A couple of years ago, Xata founder Monica Sarbu was putting together a passion project called Tupu.io, a platform she was building to help women in tech find mentors. She wanted to include a Postgres database with Elastic search in the Tupu web application, and as a side project, she wanted it to be fairly self-sufficient because volunteers were helping to build and run the site.
As she looked for a serverless database, she realized that there was nothing really out there that met her requirements, and like any good entrepreneur, she started building it. That project would become Xata, a serverless data platform that is generally available starting today.
The platform is built from several open source components, including a Postgres database with Kafka for data streaming and Elastic for search. Web application developers, particularly those building Jamstack applications, can simply connect to it through an API and they are good to go.
“What we've done is build this data platform for you, so you don't have to hire a team of developers internally to work on building a data platform. Instead, we built this for you and offer it as a service, and you can access everything you need over an API,” Sarbu told TechCrunch.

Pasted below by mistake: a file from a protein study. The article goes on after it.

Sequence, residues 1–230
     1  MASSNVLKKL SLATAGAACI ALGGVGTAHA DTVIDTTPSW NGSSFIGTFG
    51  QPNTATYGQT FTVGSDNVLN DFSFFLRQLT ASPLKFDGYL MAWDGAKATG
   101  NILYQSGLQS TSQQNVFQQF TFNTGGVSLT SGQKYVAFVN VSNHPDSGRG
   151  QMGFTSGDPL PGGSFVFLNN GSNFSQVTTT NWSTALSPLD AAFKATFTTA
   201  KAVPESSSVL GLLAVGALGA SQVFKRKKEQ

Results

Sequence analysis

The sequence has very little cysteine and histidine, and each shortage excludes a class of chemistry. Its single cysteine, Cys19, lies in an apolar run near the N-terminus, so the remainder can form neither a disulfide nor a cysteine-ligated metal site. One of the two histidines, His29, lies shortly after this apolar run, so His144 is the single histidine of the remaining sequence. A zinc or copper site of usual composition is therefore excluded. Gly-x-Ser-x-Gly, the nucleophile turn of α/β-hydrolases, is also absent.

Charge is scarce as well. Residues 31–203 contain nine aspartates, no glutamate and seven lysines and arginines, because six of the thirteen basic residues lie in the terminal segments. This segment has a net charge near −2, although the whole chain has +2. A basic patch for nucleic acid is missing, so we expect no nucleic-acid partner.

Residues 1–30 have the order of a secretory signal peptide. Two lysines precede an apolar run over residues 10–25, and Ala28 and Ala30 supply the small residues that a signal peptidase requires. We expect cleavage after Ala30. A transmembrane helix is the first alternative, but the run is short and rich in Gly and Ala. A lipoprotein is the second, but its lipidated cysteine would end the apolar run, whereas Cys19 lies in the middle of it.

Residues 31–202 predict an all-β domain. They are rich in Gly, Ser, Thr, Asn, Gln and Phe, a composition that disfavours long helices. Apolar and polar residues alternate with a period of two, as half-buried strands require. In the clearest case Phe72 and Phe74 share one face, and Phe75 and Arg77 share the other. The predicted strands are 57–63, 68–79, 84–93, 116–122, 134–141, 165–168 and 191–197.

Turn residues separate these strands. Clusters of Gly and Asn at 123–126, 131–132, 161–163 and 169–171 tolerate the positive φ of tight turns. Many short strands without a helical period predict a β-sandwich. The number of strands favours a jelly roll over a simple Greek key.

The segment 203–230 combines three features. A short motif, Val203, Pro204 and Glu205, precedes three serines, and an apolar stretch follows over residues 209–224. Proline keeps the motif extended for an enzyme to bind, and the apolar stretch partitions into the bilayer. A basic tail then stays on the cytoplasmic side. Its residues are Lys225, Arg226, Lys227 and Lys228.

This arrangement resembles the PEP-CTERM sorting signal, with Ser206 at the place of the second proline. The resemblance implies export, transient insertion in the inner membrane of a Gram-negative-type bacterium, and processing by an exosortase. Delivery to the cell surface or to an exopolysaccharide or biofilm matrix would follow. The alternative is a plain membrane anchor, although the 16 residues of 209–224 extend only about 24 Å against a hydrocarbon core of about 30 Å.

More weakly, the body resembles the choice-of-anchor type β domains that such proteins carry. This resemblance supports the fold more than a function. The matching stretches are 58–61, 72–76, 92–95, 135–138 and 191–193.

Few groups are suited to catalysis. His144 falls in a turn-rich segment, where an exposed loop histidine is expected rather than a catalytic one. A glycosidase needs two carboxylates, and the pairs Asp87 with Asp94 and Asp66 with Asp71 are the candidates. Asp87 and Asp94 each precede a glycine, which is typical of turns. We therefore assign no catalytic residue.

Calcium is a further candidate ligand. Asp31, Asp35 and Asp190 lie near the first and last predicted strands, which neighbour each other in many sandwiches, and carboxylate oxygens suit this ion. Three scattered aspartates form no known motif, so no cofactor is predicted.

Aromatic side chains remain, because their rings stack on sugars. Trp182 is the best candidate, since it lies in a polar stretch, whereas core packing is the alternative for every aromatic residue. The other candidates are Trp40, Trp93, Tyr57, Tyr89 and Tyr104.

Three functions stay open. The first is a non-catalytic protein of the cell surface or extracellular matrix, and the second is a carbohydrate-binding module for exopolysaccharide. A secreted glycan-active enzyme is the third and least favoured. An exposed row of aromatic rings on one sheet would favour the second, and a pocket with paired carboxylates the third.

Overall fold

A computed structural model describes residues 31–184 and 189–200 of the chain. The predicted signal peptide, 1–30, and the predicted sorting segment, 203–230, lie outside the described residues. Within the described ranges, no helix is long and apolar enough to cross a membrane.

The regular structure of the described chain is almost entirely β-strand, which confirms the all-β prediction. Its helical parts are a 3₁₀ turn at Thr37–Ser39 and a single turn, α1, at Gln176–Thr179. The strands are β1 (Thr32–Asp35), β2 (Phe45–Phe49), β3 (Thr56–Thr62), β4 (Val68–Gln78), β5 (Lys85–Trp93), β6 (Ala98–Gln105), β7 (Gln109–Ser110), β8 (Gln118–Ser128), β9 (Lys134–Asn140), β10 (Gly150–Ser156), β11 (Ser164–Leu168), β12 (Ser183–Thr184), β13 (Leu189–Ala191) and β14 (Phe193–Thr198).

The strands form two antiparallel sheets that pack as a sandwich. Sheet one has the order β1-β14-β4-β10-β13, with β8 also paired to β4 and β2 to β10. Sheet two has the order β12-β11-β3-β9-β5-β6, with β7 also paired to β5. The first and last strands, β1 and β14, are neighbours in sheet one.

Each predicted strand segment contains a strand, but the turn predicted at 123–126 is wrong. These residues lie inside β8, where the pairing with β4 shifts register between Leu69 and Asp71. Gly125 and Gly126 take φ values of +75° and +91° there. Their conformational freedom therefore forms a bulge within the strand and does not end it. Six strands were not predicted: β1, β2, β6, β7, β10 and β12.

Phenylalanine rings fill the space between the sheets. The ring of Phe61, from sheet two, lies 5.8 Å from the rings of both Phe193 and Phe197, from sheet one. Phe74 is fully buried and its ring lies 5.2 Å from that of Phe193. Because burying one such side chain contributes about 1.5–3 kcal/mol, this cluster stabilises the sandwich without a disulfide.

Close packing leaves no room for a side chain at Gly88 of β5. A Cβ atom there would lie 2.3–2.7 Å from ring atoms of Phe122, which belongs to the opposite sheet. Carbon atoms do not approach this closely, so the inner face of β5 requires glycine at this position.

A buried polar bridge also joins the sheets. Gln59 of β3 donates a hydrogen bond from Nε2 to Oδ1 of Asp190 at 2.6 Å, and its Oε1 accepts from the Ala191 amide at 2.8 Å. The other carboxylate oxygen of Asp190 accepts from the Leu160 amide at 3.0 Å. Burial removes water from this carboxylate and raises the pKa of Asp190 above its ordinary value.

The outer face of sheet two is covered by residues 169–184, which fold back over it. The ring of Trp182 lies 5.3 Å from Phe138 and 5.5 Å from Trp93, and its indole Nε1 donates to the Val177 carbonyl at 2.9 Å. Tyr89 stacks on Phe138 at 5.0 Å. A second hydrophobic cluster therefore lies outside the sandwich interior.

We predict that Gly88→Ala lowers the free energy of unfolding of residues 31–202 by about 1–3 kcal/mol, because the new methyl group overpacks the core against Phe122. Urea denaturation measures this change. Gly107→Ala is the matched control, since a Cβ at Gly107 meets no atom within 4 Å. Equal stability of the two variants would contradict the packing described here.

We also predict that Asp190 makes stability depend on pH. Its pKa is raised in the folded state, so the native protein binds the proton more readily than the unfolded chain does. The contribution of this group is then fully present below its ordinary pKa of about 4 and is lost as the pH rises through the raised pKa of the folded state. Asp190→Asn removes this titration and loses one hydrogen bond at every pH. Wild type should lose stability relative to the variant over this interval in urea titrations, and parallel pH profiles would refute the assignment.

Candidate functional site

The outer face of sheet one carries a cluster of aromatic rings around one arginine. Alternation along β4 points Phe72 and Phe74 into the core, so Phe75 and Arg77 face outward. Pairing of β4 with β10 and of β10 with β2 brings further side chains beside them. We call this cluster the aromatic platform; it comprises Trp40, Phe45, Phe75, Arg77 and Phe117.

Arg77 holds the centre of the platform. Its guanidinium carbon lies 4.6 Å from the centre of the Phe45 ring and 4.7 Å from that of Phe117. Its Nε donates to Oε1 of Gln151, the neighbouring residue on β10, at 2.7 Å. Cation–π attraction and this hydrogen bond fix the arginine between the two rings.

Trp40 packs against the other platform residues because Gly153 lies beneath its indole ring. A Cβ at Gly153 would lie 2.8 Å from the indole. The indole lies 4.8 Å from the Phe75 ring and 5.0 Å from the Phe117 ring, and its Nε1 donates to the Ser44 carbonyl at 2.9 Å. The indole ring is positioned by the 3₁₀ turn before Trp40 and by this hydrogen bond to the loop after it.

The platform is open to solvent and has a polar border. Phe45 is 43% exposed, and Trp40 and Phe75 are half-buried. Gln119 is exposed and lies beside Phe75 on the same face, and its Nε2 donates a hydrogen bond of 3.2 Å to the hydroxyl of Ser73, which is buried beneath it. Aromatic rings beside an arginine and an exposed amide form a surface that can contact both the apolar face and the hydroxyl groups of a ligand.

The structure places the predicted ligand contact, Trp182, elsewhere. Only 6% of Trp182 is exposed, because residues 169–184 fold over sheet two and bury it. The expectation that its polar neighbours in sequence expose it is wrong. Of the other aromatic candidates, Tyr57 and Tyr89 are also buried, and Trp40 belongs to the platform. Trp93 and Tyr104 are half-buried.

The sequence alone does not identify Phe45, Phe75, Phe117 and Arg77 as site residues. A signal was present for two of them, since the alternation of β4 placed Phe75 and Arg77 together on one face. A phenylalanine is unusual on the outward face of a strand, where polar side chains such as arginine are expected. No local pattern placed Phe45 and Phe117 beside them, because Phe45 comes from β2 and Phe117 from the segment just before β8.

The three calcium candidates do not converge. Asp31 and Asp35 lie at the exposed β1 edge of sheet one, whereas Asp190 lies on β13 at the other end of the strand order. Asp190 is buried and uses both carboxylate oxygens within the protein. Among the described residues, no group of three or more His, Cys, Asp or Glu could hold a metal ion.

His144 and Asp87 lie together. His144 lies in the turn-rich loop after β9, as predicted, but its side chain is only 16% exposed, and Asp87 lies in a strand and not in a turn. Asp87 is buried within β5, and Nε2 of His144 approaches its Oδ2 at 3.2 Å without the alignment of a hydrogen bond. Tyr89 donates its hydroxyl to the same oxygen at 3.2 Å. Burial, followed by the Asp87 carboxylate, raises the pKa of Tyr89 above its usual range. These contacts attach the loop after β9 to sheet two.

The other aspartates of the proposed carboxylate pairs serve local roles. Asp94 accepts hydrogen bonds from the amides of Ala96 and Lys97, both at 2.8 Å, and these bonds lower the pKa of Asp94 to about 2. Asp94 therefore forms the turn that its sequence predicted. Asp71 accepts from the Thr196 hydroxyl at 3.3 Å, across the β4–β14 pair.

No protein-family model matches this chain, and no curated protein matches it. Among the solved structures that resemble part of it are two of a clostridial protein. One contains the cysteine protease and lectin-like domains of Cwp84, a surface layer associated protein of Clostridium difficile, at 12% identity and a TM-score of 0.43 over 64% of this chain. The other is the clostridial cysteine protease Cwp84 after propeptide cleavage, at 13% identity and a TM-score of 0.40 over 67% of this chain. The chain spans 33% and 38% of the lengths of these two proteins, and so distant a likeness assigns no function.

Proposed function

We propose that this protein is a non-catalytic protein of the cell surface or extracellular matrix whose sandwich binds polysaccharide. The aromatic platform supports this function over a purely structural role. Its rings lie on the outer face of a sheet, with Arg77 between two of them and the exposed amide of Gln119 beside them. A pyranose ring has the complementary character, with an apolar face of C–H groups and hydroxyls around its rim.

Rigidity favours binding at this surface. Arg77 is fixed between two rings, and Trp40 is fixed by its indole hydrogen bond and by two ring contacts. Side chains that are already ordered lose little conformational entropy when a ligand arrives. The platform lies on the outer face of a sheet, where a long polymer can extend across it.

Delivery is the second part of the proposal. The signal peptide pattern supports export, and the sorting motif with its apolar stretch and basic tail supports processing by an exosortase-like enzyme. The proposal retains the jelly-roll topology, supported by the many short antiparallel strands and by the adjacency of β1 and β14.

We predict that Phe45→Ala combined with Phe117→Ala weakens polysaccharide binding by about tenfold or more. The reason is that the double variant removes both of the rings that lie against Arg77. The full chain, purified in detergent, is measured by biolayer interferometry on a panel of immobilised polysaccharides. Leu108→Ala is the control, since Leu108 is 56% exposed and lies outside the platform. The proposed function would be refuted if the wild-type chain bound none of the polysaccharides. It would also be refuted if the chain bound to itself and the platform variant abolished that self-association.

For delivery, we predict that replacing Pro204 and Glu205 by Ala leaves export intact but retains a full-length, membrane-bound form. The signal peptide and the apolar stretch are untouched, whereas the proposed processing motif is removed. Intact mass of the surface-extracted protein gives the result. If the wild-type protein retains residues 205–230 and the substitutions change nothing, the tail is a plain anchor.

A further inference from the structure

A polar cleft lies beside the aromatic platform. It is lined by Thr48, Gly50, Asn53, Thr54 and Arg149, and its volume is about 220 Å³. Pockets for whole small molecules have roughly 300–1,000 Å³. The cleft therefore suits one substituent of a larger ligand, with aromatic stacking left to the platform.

She says that companies like Netlify and Vercel have made it simple to build and launch a Jamstack web application in production, but what’s been missing is a simple way to connect to a data platform, a hole that Xata is attempting to fill.
“Unfortunately, what's missing is the data part. There isn’t really a way to preview and test your data before merging into production. So we want to complete this workflow and offer the best experience for web developers,” she said.
Today, developers typically create this kind of data platform from scratch every time, and the idea with Xata is to have this serverless data platform that reduces all of the complexity related to building it yourself. Sarbu says this lets companies and development teams do more with less, a goal of every organization, especially in today’s economic climate. But more than that, they can also put those limited resources to work building the best application, rather than fiddling with the data stack components.
“There is such a shortage of talent on the market, and everyone is fighting for the few developers. My philosophy is that companies need to build more with less resources. They need to concentrate on building the features that matter for their product, rather than building the [data stack]” she said.
Xata has been in beta, but starting today, it will be generally available to all developers to use. The product includes a free tier to get started with a small project in production, and as the product grows companies can shift to pay plans.
Prior to launching Xata and Tupu.io, Sarbu co-founded a monitoring company called Packetbeat, which was acquired by Elastic in 2015. She launched Xata last year and has raised $35 million, per Crunchbase.